Aussie sub first to get through Dardanelles Strait

UP PERISCOPE: The AE2 was an E-Class submarine built for the Royal Australian Navy. Photos: DEFENCE
UP PERISCOPE: The AE2 was an E-Class submarine built for the Royal Australian Navy. Photos: DEFENCE

A FASCINATING story that has often been overlooked on Anzac Day is that of the Australian submarine that was the first to breach the Dardanelles, having sailed from Sydney.

It's a tale of derring-do by the Dublin-born lieutenant-commander, Henry Hugh Gordon Dacre Stoker, who began his career as a 14-year-old sea cadet and ended it as an actor and playwright.

His submarine, the AE2 was one of two E-Class submarines built for the fledgling Royal Australian Navy.

Both submarines sailed from England for Australia on March 2, 1914, arriving in Sydney on May 24.

At the outbreak of World War I, the AE2, under the command of Stoker, was ordered back to the northern hemisphere, in support of the unfolding Dardanelles campaign.

Up until that time, all attempts to sail submarines up the Dardanelles Strait had failed.

Stoker, as a newly promoted lieutenant commander, was ready for the challenge.

REMAINS: The AE2.

REMAINS: The AE2.

In early April 1915 he sailed the AE2 75 kilometres up the Dardanelles, evading Turkish minefields, shore batteries and patrolling warships.

The AE2 broke through into the Sea of Marmara and became the first Allied submarine to do so. The submarine's successful passage past Nagara Point was relayed via morse and proved a fillip for staff and generals above, who had been mulling an evacuation of Gallipoli.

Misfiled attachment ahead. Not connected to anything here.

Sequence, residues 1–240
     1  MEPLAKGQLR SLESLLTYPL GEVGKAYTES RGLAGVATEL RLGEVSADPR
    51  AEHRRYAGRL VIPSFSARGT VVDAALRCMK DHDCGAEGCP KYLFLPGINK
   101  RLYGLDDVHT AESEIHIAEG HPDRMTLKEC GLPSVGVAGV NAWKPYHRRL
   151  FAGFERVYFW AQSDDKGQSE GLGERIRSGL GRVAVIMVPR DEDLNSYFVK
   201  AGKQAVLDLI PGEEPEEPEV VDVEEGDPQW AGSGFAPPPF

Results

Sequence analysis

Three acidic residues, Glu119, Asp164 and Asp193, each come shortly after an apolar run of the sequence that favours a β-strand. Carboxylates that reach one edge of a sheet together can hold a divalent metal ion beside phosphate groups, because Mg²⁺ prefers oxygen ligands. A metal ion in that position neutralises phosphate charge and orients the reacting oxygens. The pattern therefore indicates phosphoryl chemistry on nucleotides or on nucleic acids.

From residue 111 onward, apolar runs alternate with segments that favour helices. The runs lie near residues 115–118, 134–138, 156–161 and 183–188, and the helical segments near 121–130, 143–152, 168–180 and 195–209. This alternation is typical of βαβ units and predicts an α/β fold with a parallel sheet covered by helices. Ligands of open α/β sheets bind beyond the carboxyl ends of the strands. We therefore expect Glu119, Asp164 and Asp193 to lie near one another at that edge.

The decision was made to "dig in" on those fateful shores.

Remarkably, over the next few days, Stoker continued to sail his vessel up the Dardanelles, firing torpedoes at enemy craft.

The game ended on April 30, 1915, when a torpedo boat fired on the AE2, blowing three holes into its body.

After this death blow, Stoker ordered all hands on deck.

All crew took to the water; they were all picked up and taken prisoner, spending the next three-and-a-half years in Turkish prisons.

Stoker was repatriated to England in December, 1918, he was awarded the Distinguished Service Order and also served in World War II.

Later in life Stoker took up sports and became croquet champion of Ireland in 1962, aged 77.

In 2014, a team of divers discovered the remains of the AE2 at the bottom of the Dardanelles strait and took photos of the remains of the submarine.

There are no plans to try retrieve the wreck and return her here. More information at navy.gov.au

This story Derring-do in Dardanelles first appeared on Local News.